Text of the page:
Brexit Vote 'Could Damage UK FinTech Environment'


LondonNight

Sometimes it's good to see the view from the outside as better way of seeing how we really are.

Today, we run an extended excerpt from a thoughtful blog in Bob's Guide. The argument runs that the UK government has made Britain a great place for FinTech in general – but that this favourable environment could be compromised by a "leave" vote in the forthcoming European referendum.

"There's no doubt that the swelling success of London's fintech ecosystem has helped put the capital's tech scene on the global map. From early outriders like Zopa, which was the first peer-to-peer lending platform in the world and the billion-dollar businesses like TransferWise and Funding Circle that came after the financial crash in 2008 to challenger banks like Atom, Mondo and Tandem: London is the European capital of fintech.

"The sector has benefitted, massively, from the government's support of tech startups and especially financial tech startups. Both the chancellor, George Osborne, and former mayor Boris Johnson personally spearheaded initiatives to boost access to funding, regulatory support and raise the profile of UK tech businesses abroad. While this might sound logical, the UK government's progressive approach to technology and innovation, especially in financial services, has set the country apart in not just Europe but the wider world. This has all been crucial in helping drive growth in UK fintech, with many businesses from Europe choosing to have an office or their headquarters in the city as they look to grow.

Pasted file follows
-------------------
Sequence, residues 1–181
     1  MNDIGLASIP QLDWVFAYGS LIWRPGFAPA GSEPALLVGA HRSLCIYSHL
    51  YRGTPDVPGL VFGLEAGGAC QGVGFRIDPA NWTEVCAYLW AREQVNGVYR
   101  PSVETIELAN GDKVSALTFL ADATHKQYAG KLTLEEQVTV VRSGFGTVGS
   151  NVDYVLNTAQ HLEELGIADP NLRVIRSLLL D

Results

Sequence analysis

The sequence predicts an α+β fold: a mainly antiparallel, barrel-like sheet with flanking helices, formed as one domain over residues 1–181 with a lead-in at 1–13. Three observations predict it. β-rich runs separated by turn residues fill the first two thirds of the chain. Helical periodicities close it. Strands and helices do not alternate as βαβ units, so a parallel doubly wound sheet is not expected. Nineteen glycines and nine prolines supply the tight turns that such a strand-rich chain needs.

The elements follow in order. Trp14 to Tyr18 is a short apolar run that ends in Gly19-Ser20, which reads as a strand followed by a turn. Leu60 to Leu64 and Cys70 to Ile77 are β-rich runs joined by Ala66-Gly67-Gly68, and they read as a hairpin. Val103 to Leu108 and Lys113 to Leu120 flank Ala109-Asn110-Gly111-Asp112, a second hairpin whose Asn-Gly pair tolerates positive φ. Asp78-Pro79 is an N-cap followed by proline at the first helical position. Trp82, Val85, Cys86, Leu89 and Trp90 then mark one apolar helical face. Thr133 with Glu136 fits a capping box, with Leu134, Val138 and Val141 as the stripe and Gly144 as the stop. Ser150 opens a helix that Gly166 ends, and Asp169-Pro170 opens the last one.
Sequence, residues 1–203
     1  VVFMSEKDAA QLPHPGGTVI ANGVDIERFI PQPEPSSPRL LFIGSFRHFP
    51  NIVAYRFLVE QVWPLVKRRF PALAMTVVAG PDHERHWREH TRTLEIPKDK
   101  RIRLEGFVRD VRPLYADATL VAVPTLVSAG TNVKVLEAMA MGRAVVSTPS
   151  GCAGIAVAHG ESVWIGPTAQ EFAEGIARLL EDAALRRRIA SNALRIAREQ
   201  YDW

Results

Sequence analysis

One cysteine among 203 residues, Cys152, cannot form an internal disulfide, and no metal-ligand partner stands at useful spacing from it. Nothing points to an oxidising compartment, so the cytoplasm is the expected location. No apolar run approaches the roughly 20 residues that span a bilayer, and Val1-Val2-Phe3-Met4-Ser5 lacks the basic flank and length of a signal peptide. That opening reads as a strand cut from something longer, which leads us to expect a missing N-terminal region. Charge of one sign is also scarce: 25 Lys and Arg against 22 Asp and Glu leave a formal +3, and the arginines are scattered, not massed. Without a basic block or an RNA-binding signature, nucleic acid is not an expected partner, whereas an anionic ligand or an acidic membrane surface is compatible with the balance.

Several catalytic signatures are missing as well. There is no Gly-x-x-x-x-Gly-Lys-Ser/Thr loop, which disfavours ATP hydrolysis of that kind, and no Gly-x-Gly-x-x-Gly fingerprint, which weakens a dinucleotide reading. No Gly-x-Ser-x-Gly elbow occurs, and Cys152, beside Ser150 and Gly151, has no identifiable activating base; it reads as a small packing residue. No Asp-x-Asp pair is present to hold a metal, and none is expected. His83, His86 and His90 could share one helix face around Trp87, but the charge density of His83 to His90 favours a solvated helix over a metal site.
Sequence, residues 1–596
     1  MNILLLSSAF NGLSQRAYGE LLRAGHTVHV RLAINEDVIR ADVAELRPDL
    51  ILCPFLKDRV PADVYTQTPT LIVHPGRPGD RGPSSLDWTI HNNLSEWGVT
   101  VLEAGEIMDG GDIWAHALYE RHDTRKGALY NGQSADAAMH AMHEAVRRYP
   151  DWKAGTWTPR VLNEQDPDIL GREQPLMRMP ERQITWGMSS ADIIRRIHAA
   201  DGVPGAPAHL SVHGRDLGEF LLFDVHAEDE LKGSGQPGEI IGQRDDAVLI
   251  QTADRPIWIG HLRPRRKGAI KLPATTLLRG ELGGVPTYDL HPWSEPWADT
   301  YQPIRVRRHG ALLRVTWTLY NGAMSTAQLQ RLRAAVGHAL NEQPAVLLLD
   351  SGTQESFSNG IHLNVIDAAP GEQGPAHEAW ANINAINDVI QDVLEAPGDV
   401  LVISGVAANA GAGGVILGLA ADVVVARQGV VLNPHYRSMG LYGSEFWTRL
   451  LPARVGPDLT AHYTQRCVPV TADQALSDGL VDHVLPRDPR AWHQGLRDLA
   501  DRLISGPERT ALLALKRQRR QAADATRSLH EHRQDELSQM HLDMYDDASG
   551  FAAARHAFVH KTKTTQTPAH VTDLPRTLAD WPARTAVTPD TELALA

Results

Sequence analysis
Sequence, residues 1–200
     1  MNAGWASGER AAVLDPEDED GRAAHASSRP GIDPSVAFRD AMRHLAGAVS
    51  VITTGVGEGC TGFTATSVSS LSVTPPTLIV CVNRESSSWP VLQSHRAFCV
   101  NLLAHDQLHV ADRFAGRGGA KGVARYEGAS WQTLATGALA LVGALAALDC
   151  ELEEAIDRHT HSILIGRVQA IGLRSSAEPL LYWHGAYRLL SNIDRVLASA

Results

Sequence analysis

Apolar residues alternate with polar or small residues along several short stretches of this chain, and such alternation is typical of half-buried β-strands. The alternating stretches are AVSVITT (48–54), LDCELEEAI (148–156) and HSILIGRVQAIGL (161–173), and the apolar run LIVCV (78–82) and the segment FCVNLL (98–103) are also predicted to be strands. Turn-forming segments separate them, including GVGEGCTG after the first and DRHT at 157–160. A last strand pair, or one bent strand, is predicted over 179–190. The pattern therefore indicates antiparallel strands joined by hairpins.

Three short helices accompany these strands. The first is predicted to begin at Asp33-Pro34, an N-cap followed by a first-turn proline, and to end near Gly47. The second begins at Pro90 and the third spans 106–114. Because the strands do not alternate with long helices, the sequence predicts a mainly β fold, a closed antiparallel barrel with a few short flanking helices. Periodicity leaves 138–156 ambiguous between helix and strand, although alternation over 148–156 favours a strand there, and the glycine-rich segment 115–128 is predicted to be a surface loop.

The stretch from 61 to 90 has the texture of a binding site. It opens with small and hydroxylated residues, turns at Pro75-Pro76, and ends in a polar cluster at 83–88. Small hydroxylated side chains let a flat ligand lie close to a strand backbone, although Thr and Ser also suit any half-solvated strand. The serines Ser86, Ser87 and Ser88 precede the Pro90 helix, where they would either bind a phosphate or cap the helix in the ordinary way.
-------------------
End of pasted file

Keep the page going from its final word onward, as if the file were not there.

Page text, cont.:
"But unless the city's new mayor Sadiq Khan addresses a number of key hurdles facing companies it will stunt the city's tech community and make it harder to launch, execute and scale the next TransferWise, Funding Circle or Nutmeg. Of course, the potential of the UK leaving the European Union is probably the biggest threat facing the UK startup scene and not just in fintech right now."

M&CLogo

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Money&Co. has a number of loans in the pipeline. Loans are only offered to lenders if our borrowers are free of all other debt, and have a track record of sustained profit. Moreover, Money&Co. takes a charge on the assets of the company, which is exercisable if a borrower defaults. The relevant assets could then be sold and used to reimburse lenders. As yet, after two years' trading, no borrowers are in default. See our recent article on Money&Co.'s conservative attitude to vetting deals.

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